Edgar Allan Poe, famed for his brilliant Gothic style writing and macabre mysteries, was a resident of New York. He was considered the inventor of the detective novels and helped establish science fiction as a popular genre.
In the 1840s, Poe moved to a cottage in what is now the Bronx – where he spent his final years with his wife Virginia. He adored it, describing it as ‘a beautiful place.’ Here he wrote the poems ‘Annabel Lee’ and ‘Ulalume’ and his final short story, ‘Landor’s Cottage’ is thought to have been inspired by the home.
The preserved house, which was built in 1798, has since been relocated to the southeast corner of the Grand Concourse and Kingsbridge Road and is open to visitors. It is a listed building and considered of the most important literary sites in the United States. You can now explore the house whilst learning about his life through exhibitions and displays.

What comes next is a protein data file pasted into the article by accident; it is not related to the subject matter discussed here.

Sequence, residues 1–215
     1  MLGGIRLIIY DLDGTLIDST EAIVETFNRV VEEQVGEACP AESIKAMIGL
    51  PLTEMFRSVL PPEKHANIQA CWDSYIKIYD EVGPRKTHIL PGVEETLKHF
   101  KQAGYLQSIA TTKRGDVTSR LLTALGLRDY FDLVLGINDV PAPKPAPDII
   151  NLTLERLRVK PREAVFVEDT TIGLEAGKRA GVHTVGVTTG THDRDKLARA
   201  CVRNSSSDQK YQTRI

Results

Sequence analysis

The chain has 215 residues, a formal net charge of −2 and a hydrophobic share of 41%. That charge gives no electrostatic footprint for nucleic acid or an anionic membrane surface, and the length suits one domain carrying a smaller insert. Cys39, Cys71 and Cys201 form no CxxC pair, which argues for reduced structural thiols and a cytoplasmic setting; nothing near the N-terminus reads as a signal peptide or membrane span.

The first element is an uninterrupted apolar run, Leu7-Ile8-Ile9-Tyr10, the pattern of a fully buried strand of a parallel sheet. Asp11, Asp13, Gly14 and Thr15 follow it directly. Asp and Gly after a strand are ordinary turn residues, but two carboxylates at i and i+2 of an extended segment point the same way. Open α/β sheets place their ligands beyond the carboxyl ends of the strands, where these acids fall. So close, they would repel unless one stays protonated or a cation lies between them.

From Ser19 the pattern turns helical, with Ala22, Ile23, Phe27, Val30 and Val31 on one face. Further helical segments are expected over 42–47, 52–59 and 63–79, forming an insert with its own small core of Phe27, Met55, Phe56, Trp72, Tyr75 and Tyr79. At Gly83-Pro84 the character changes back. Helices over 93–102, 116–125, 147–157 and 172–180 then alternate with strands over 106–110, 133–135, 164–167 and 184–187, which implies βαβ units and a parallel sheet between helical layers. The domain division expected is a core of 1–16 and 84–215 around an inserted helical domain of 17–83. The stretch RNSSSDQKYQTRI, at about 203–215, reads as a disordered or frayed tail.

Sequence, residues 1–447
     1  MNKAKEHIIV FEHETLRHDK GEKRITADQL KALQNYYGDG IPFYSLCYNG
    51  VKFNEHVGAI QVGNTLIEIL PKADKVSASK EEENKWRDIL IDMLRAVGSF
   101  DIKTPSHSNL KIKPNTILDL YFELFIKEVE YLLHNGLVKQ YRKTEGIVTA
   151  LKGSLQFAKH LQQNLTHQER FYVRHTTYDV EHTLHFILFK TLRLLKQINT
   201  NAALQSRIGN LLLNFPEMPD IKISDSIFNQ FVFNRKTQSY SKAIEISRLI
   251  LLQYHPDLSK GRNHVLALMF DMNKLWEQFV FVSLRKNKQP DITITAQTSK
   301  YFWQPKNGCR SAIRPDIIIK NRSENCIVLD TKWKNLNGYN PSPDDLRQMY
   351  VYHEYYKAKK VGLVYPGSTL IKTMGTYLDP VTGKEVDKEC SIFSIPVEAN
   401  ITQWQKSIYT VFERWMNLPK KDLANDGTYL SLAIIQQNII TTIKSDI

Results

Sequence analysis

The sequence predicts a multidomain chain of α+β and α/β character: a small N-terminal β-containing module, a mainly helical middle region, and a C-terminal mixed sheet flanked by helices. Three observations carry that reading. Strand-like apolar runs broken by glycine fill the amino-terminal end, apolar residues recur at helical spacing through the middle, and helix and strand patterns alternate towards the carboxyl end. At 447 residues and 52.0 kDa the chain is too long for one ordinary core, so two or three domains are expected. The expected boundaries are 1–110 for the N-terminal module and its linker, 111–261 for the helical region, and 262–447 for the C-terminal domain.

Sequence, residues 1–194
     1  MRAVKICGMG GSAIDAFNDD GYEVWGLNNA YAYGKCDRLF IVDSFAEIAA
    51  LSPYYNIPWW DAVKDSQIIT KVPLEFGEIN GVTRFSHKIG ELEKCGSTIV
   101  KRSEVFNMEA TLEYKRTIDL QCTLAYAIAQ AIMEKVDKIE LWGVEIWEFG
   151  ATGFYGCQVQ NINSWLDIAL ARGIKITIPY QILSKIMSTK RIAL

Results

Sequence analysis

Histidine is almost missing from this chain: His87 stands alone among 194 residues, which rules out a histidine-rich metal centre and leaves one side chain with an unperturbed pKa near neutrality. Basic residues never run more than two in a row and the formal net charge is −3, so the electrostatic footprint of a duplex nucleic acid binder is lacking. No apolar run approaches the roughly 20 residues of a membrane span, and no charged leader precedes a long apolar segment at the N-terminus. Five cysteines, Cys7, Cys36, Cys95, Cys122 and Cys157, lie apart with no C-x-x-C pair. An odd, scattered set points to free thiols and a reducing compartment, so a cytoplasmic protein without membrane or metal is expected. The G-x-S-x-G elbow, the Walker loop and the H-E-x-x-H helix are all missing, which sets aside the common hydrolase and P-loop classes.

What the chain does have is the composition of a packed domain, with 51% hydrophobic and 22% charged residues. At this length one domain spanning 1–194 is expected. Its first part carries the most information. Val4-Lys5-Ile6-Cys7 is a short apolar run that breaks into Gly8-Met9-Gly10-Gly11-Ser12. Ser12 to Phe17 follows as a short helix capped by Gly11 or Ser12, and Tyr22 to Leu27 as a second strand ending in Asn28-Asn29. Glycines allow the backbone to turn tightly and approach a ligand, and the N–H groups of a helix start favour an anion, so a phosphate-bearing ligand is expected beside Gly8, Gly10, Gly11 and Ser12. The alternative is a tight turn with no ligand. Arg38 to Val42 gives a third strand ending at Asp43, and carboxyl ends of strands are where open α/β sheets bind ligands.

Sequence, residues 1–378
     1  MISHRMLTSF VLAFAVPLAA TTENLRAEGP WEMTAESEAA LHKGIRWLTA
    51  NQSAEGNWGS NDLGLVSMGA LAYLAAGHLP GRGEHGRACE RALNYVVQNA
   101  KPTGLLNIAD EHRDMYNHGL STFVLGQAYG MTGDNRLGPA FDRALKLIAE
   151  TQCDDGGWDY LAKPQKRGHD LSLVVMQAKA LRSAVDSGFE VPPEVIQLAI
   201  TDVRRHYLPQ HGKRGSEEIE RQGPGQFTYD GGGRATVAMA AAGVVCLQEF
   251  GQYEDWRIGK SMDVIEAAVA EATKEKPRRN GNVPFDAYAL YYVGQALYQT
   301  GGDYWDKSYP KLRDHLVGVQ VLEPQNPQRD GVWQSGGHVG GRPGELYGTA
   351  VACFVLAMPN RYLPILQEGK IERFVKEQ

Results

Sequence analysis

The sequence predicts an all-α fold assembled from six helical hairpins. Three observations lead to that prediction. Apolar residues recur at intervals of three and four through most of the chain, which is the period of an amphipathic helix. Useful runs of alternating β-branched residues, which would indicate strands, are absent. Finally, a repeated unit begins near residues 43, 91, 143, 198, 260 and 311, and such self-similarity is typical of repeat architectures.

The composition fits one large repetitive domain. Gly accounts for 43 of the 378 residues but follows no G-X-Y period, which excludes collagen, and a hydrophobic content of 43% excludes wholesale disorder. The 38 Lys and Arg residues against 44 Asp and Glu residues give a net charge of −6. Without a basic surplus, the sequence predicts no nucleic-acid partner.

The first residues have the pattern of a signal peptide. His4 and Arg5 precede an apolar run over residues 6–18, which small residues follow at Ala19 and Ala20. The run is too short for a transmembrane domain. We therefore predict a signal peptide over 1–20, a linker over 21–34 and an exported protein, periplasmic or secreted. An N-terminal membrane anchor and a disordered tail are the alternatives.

“The cottage had an air of taste and gentility… So neat, so poor, so unfurnished, and yet so charming a dwelling I never saw,” a friend of Poe’s once observed.
The cottage is open to the public at the following times:
Thursday and Friday 10AM – 3PM
Saturday 10AM – 4PM
Sunday 1PM – 5PM
WHERE: Take the D train to Kingsbridge Road in The Bronx. Poe Park is right outside the station, where you’ll see the cottage. Take the MTA express bus BxM #4 from Manhattan.
This article was taken from the History Buffs Guide to New York by Mark Jones, which is available at Amazon